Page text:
From Principles to Practice: a consultation paper on joined-up data standards

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From Principles to Practice: a consultation paper on joined-up data standards

     Data has immense potential to help drive poverty eradication and international development, but it remains incredibly difficult to join up data on resources, people and re ...

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Data has immense potential to help drive poverty eradication and international development, but it remains incredibly difficult to join up data on resources, people and results because it is published in different formats and to different standards. Overcoming this challenge requires both technical solutions and political will. The challenge facing governments, international institutions, civil society, academics and the private sector alike is how to make sense of the vast quantities of data now being generated in order to create a coherent, holistic picture.

The aims of the Joined-up Data Standards project are to: explore the problems caused by incompatible data in international development; work with partners to find common solutions to these problems; and to build international consensus that all data should be joined up. We have to date produced four discussion papers that cumulatively explore: the way in which global institutions define and classify geographic, sectoral and results data; the overlaps that occur between competing standards; and the policy landscape that governs international data standard setting.

This paper aims to start a discussion on what practical solutions to joining up data standards could look like.

We have reached the following preliminary conclusions.

  1. 1
    The policy environment is conducive to joining up data
    Global and regional institutions are recognising the value of joined-up data and interoperability is now an internationally accepted principle. Official statistics bodies increasingly recognise the importance of embracing all producers and users of data as partners in their work.
  2. 2
    Turning new principles into practice is a challenge
    While international commitments on interoperability are now a given, standard-setting work still takes place in highly specialised forums and data silos persist, limiting the comparability of data.
  3. 3
    Solutions are demonstrably achievable
    Technologies are allowing machines to speak more easily to each other, to understand different languages and to translate between them.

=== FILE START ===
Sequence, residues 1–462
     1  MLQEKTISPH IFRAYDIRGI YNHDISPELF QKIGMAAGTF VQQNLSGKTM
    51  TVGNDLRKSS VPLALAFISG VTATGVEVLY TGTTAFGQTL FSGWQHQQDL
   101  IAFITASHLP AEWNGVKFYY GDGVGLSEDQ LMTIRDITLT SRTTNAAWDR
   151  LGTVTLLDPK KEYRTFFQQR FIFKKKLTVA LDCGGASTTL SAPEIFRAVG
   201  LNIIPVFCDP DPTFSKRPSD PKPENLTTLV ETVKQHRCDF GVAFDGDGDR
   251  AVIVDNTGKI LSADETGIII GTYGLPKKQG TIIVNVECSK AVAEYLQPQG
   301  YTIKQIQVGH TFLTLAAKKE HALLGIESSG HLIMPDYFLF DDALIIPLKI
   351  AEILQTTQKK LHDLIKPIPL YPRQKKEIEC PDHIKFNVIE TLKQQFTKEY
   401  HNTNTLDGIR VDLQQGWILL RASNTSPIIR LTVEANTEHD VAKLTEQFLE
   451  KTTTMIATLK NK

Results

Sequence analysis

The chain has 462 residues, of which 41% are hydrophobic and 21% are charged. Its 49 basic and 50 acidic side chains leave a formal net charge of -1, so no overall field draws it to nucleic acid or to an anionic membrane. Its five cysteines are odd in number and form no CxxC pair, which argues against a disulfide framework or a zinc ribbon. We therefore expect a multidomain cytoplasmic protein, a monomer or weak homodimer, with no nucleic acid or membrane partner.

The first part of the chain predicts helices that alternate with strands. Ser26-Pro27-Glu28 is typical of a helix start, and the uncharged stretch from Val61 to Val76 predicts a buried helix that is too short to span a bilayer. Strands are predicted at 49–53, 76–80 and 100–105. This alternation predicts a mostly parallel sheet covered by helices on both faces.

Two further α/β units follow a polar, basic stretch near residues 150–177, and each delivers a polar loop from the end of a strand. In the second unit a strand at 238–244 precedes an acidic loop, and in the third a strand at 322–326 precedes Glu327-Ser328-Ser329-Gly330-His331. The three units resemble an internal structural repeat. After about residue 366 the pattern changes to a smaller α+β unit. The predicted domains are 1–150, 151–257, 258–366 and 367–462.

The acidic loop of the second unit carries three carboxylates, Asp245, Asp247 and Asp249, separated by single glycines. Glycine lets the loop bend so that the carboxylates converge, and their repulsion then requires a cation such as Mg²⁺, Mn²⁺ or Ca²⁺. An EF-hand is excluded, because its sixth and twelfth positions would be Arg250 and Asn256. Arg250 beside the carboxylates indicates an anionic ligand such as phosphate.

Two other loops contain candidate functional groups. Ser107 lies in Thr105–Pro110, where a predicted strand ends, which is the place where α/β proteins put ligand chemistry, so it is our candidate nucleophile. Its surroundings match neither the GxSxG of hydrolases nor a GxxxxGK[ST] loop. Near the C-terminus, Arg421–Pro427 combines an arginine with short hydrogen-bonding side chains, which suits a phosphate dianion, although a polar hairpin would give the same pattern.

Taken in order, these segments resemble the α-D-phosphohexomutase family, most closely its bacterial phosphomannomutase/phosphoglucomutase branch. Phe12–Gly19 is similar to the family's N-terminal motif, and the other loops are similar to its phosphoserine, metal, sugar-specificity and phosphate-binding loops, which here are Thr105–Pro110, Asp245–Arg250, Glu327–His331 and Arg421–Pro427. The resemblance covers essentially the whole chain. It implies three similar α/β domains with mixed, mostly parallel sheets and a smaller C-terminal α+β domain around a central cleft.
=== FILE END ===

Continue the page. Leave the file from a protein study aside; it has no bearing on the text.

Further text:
We suggest three preliminary recommendations that form the starting point of our consultation.

  1. 1
    New standards must be joined up
    There is no longer any reason why new standards that duplicate existing standards should be developed. All standard-setting bodies must commit to making new standards and their components fully compatible with existing standards and build interoperability into their architecture from the outset.
  2. 2
     We need joined-up leadership
    We need united and integrated leadership, structures and mechanisms to drive the Data Revolution and the Transformative Agenda for Official Statistics forward at speeds commensurate with both the aspirations and urgency of current global ambitions.
  3. 3
    Translation services are urgently needed
    In the immediate future, the many disparate standards that relate to the Sustainable Development Goal (SDG) goals, targets and indicators need to be mapped and compared to enable data from different standards to be ‘cross-walked’ through a translating machine. This is the responsibility of all standard-setting bodies.
  4.  

We are inviting responses to a number of questions outlined below and will also be holding a series of events to consult on the paper in the coming months.

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Beata is the Data Scientist working on the technical side of Joined-up Data Standards from Development Initiatives’ Bristol office. Beata’s work focuses on mapping and linking data standards. She also develops and maintains the thesaurus. Beata finished her PhD in metabolic modelling of microbial systems at the University of Bath in 2015. She holds a MSc in Bioinformatics from Imperial College London and a BSc in Biotechnology from Cardiff University.

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